The squeaky wheel gets comeuppance.
Former Twitter engineer, Leslie Miley, who wrote a Medium blog post blasting Twitter’s lack of diversity, has been hired on by Slack.
Miley’s post, which went viral, recalled a low point at the company, which came when he sat in as the only African American at an engineering leadership meeting and heard the senior VP of engineering say, “diversity is important, but we can’t lower the bar.”
Following the meeting, Miley says he worked on a job proposal that would help the company boost its diversity numbers, but recognized that the company’s diversity issue was bigger than him when he was advised to track the pipeline of candidates by creating a tool that would analyze their last name in order to help determine their ethnicity.
Miley left Twitter soon after.
“As an engineer, I understand this suggestion and why it may seem logical. However, classifying [ethnicity] by name is problematic …” wrote Miley.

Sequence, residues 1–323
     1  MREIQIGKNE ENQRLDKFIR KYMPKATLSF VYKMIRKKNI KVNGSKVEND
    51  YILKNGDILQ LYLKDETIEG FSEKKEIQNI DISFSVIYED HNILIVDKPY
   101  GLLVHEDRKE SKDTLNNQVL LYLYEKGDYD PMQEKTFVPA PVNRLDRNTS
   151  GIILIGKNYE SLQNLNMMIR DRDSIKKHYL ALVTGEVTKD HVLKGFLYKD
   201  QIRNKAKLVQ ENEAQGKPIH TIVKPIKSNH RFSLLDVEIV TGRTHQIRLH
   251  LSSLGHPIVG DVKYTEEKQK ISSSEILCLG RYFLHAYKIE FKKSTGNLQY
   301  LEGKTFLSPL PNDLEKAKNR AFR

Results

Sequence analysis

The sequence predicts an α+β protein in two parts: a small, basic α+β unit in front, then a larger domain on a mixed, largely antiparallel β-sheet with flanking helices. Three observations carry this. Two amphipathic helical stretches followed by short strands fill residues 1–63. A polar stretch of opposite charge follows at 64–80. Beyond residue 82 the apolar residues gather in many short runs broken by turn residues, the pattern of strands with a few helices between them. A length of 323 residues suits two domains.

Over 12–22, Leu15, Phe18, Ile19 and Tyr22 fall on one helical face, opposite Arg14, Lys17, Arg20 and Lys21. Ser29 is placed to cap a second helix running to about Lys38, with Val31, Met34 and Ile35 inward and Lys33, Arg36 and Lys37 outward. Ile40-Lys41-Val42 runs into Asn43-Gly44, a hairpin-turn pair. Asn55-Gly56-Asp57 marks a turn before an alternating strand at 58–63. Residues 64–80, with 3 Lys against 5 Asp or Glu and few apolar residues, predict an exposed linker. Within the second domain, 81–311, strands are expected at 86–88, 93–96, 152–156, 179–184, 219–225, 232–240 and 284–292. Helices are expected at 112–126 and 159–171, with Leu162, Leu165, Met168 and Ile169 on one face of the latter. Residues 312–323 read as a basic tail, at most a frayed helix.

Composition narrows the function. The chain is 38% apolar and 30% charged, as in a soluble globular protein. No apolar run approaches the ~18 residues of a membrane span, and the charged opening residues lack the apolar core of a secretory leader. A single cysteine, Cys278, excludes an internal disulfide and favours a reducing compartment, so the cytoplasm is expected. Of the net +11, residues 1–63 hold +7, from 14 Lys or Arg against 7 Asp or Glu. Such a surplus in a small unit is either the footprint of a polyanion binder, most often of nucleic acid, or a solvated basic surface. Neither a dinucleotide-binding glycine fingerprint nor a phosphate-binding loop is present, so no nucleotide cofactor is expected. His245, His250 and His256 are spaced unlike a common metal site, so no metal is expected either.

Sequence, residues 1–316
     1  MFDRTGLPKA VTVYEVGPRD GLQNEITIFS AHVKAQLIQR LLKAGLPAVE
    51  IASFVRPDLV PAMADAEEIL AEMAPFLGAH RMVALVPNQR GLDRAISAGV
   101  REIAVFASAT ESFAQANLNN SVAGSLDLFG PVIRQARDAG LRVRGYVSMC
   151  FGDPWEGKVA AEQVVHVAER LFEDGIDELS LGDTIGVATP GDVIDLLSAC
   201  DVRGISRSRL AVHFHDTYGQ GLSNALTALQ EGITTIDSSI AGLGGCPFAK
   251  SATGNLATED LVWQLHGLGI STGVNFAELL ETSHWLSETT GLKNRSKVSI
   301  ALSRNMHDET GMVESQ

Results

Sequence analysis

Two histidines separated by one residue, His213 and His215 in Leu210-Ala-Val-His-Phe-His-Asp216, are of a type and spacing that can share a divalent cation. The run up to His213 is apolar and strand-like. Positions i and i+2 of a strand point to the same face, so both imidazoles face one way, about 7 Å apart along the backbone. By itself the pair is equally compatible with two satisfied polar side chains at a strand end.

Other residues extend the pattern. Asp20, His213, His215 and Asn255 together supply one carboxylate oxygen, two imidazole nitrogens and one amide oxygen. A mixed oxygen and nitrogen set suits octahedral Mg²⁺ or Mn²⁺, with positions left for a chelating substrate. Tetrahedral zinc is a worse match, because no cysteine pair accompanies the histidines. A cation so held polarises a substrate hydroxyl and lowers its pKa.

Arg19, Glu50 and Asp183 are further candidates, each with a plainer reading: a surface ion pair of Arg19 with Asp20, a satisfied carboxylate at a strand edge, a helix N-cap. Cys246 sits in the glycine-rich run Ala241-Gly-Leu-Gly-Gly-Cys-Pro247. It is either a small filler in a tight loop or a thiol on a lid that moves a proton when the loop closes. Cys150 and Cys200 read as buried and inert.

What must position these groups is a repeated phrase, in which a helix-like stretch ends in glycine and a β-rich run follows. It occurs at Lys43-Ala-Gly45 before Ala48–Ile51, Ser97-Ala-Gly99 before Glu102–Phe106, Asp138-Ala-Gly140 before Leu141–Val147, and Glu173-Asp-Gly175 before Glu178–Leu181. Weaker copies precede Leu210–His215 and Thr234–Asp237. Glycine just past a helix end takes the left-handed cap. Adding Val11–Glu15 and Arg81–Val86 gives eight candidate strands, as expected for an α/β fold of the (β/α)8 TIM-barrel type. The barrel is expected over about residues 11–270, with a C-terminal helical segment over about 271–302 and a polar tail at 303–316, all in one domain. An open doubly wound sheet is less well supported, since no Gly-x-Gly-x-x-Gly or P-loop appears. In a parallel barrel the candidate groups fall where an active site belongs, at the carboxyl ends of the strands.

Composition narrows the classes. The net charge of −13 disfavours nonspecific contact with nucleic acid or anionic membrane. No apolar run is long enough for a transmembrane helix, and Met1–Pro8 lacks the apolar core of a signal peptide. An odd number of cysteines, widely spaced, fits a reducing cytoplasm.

Miley joins Slack as a director of engineering for its growth team, reports USA Today.
“The culture Slack is building here, the people they have and the things that they say are important to them really resonate with me as a human being, not just as an African American,” Miley told USA Today. “Empathy and engineering, when was the last time you heard those two words spoken in the same sentence?”
The lack of diversity in the technology industry has been subject to much scrutiny and criticism since technology companies, including Twitter, Apple, Microsoft and Google, have released statistics breaking down the numbers of minorities in their workforce.
Slack, which makes cloud-based collaboration software for teams, has been a proponent for diversity and inclusion in technology.
CEO Stewart Butterfield, wrote a pointed post on the company’s blog last year, about the matter:
At Slack, we believe being an inclusive and diverse workplace is not optional. We understand that our industry is not a welcoming place to everyone and we want to do our part to change that.
Our primary goal is to avoid becoming yet another place where underrepresented groups exit the technology industry. We don’t want to be a place where people give up on their ambitions. All kinds of people should be able to be successful at Slack.
“There are tech ecosystems being developed in other areas that don’t seem to have the ingrained bias and exclusivity that Silicon Valley has,” Miley said to USA Today. “Perhaps they can be a model. There are places out there doing this that don’t look like San Francisco.”